Why do Naxals hate NGOs? A case study of Bihar

31 07 2008

Monday, 02.04.2008, 01:20am (GMT-7)
Source: India post

Naxalism is a grave problem in Bihar. According to a March 2007 document of the Bihar Police, 30 of its 38 districts have been affected by Maoist activities. Maoist violence is endemic across the state’s territory. The fight against the state by the Naxalites is explicable.

But, why do they hate the NGOs? The ground reality provides many reasons for this hatred. First, the power of the Naxal outfits is the people, the masses. They fight for the downtrodden, the poorest of the poor, the lowest castes.

For instance, the Naxals fight against the state to bring social justice to the Dalits. At the same time, the NGOs also work for the betterment of the downtrodden and poorer sections of society. Thus begins the rivalry for custodianship between the two.

There are, however, fundamental differences in attitudes and approaches between them. The NGOs work at the grassroots and associate themselves with the masses. They seek to empower the Dalits through non-violent methods.

They inform the people about existing government schemes for the poor and often influence government officials to being proactive and helping the downtrodden. Through the Right to Information, many Dalits claim their rights to shape their future. These initiatives by the NGOs delink the Naxal outfits from the masses.

There are many such examples. The Musahar community is one of the most marginalized in Bihar that faces exploitation and discrimination. There are many NGOs working for their betterment in Bihar, but a number of them have received threatening calls to shut down their projects or face the consequences. A school run by an NGO was shut down in Gaya district, for example.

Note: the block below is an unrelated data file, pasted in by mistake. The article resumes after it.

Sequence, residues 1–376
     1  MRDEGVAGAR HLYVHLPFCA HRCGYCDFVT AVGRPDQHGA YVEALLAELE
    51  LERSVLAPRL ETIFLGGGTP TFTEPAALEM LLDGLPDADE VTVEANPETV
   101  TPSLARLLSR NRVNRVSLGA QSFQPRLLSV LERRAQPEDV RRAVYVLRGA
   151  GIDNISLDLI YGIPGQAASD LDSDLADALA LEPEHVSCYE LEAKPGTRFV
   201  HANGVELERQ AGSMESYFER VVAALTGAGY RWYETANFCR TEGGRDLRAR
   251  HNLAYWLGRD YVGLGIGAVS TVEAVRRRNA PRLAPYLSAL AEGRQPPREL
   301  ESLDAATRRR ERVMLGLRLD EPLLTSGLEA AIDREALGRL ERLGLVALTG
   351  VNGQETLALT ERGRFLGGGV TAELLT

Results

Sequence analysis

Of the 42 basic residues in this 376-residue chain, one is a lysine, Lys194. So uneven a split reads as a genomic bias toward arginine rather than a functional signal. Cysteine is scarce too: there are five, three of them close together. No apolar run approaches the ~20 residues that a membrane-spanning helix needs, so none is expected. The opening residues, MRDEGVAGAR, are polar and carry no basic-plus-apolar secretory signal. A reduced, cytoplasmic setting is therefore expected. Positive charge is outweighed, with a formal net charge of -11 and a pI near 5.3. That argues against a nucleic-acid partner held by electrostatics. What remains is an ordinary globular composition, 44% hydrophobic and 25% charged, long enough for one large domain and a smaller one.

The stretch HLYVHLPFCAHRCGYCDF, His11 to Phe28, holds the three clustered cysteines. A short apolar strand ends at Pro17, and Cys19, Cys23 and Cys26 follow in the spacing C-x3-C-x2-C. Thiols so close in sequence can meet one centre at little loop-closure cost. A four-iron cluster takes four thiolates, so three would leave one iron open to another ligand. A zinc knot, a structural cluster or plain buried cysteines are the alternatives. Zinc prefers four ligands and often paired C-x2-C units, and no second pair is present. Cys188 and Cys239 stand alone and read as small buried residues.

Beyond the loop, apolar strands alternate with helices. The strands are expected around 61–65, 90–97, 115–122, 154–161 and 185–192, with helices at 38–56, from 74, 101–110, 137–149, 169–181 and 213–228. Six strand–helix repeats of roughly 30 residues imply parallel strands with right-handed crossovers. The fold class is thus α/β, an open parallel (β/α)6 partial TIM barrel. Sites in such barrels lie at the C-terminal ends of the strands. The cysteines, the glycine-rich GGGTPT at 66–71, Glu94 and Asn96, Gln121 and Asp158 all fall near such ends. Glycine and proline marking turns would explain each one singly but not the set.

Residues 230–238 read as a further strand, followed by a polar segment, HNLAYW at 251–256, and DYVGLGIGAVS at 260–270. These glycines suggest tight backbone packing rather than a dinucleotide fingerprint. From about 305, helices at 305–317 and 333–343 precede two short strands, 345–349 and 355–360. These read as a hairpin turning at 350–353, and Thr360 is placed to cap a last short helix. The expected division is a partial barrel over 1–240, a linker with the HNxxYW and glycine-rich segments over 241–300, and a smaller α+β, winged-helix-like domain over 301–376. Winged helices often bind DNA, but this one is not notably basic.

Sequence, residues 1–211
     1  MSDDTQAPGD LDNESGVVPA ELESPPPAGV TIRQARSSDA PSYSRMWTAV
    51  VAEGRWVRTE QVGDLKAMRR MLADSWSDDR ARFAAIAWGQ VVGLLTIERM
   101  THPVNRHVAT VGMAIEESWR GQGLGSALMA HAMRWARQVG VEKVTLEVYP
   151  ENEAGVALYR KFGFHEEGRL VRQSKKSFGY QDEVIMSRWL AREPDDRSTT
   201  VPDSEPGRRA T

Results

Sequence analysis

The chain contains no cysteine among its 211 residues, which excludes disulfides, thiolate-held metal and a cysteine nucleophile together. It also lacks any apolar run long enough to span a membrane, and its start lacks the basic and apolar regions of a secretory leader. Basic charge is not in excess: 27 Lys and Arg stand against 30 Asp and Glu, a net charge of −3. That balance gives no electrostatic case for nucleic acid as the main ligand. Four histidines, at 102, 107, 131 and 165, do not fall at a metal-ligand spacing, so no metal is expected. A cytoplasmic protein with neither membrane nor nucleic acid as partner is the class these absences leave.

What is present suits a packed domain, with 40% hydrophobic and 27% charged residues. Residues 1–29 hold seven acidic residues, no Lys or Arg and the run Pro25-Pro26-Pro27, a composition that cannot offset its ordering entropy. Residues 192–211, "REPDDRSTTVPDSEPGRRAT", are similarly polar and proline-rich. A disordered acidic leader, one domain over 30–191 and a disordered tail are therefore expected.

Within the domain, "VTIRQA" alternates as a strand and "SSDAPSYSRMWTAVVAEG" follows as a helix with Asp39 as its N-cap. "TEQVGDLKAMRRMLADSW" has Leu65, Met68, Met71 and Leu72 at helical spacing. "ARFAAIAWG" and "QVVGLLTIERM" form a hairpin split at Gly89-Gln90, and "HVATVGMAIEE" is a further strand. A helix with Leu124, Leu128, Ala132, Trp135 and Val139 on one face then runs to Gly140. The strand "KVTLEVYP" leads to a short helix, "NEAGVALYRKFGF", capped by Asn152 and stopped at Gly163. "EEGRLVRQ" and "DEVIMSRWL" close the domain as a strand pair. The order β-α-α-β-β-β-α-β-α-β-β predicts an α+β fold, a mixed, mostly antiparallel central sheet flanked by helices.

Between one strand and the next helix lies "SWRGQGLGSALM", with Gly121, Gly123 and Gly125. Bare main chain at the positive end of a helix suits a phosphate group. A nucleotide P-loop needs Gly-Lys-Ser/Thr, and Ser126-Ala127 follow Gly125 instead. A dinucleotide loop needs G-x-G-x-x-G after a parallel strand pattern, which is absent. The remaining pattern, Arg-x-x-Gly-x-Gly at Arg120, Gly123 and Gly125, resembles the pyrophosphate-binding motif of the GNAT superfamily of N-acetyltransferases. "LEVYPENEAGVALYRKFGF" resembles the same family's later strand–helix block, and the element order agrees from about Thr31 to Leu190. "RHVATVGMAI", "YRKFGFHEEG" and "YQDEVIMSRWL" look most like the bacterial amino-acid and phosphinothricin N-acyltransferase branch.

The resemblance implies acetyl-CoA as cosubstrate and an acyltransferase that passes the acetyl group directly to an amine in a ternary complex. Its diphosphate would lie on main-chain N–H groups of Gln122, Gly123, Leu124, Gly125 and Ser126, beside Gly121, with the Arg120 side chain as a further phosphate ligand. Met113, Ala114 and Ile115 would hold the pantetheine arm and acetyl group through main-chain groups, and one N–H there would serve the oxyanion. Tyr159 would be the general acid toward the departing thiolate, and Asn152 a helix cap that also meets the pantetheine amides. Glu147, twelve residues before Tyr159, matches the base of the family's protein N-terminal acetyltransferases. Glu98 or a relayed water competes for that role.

Children, who studied in the school, probably know nothing about the Naxalite movement, except that their school has been closed now because of the Naxals’ frequent demands for money. Second, the extortion money collected from government officials is immense.

There are many developmental projects for the poorer sections of society and the Naxalites claim their share in almost all these schemes. These projects are convenient and easy prey for the Naxals to establish a channel for sharing this booty. Their collection programs target forest contractors, businesspersons, civil contractors, villagers and government officials, including the police, in some areas.

The developmental activities run by the NGOs do not share the booty with the Naxals. The Naxals cannot directly demand a share from the NGOs, nor can they directly threaten them, as this would expose their pretensions to provide social justice.

The NGOs, therefore, become a consistent irritant for the Naxals. Third, there are many cases where school-going children have been picked up by Naxal outfits from the Dalit community. They advocate that education will not bring any change in their future lives, but that the bullet can restore their lost social status. Therefore, these children turn out to become hard-core Naxalites.

Fourth, since the Naxal outfits are unable to fight the NGOs directly, they have started their own registered organizations. There is speculation that a number of NGOs in Bihar are funding the training of Maoist guerrillas.

The writer is PGT, Teacher Koilwar, Bhojpur, Bihar



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